(a) A royalty fee or flat rate calculated based on sales of each product that includes the intellectual property or was manufactured or sold using the licensed intellectual property or service, provided that the royalty fee is no greater than an amount equivalent to ten percent of the licensed marijuana business’s gross sales derived from the sale of such product;
(b) A flat rate or lump sum calculated based on time or milestones;
(c) Terms giving either party exclusivity or qualified exclusivity as it relates to use of the intellectual property;
(d) Quality control standards as necessary to protect the integrity of the intellectual property;
(e) Enforcement obligations to be undertaken by the licensed marijuana business;
(f) Covenants to use the licensed intellectual property; and
(g) Assignment of licensor improvements of the intellectual property. Exempts non-licensed parties to authorized intellectual property agreements from qualifying for a marijuana license for purposes of the agreement.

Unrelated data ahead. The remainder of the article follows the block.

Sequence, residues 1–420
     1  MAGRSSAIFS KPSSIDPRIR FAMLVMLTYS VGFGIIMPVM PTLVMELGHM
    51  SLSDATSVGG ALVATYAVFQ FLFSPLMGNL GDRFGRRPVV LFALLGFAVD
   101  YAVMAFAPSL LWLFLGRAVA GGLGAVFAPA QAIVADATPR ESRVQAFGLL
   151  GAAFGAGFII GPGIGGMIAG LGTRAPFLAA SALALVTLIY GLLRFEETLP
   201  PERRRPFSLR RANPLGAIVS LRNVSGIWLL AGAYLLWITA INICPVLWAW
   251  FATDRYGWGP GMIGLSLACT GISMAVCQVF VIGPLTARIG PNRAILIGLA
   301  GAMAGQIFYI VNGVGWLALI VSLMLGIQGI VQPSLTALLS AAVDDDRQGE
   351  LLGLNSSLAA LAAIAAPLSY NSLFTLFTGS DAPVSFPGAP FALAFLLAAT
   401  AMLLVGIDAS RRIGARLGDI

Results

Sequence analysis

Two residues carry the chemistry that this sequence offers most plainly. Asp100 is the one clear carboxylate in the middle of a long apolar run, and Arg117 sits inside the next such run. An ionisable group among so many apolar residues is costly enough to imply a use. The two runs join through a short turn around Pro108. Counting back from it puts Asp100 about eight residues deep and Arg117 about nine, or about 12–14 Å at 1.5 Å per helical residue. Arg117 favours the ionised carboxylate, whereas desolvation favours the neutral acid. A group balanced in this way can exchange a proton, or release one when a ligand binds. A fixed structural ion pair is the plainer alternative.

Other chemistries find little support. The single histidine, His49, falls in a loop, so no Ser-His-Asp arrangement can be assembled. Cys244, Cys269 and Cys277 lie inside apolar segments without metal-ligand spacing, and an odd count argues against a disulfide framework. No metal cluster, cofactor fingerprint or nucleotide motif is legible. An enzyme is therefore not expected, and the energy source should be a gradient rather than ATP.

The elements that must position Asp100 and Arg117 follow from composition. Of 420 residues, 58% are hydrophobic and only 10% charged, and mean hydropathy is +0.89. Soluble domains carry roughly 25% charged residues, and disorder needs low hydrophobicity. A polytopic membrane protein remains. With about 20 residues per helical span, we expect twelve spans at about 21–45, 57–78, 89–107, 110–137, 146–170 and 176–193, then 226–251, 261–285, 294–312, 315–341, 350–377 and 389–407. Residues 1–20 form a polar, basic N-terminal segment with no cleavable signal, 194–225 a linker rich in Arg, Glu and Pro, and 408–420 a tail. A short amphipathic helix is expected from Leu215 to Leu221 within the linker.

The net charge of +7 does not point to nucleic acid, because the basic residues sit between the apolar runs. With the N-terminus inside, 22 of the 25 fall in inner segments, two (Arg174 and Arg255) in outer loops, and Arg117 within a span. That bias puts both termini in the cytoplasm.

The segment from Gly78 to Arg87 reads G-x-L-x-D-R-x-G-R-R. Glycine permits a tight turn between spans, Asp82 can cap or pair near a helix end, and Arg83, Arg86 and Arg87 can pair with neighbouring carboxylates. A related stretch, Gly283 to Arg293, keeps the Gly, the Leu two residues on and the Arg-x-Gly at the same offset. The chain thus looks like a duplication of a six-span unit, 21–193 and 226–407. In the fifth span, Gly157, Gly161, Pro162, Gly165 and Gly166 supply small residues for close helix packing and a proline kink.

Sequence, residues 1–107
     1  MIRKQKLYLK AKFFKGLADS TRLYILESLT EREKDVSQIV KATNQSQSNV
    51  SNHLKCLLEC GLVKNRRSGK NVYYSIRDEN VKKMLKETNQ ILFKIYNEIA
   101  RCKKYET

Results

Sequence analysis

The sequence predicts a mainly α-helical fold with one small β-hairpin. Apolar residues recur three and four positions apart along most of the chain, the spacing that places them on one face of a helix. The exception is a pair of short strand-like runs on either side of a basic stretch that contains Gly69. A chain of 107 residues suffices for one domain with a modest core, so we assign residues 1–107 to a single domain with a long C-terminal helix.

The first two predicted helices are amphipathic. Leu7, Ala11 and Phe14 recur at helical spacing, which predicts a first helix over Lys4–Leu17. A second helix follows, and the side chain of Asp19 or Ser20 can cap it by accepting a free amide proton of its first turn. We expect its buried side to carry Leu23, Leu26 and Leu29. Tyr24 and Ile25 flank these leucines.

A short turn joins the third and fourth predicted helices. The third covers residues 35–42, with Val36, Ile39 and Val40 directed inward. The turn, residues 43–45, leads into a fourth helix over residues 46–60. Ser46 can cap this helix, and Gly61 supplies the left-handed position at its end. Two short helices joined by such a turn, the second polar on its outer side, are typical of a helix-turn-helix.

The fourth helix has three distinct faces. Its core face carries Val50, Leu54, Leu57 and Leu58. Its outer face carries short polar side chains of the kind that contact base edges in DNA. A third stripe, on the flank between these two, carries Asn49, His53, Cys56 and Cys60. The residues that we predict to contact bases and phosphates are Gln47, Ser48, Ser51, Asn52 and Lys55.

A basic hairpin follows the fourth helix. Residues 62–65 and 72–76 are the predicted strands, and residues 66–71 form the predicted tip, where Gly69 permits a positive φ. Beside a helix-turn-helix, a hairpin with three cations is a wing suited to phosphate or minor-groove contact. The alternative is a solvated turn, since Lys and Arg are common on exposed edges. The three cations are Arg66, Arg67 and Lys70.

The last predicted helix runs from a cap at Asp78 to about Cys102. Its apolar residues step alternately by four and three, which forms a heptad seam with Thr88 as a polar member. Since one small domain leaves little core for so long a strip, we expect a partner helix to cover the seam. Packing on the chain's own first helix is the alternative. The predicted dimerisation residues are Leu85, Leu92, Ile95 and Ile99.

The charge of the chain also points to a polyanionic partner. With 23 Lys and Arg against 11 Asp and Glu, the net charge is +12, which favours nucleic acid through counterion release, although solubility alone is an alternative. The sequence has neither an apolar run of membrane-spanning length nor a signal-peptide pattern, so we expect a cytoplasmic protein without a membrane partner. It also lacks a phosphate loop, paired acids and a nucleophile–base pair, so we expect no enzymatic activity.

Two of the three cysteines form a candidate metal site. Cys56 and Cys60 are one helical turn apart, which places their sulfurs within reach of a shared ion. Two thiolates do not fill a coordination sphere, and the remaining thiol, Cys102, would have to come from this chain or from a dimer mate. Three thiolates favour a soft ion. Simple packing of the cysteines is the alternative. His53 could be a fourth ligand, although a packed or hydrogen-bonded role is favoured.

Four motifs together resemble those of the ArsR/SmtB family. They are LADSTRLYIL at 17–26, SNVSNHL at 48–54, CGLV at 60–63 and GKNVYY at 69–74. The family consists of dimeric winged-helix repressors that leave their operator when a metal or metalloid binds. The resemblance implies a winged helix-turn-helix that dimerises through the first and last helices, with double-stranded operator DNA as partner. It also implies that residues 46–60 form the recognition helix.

HB 2052 “Clarifying marijuana product testing by revising provisions concerning marijuana testing laboratory accreditation and establishing a cannabis science task force.” HB 2052 transfers authority and responsibility for marijuana testing from the LCB to the Washington State Department of Ecology by July 1, 2014. This includes laboratory accreditation.
SB 5276 “Authorizing hemp production in conformance with the agriculture improvement act of 2018.” I wrote about SB 5276 earlier this year. The bill aligns Washington’s hemp program with the 2018 Farm Bill. It also removes a previous prohibition on processing hemp into any product intended for human consumption.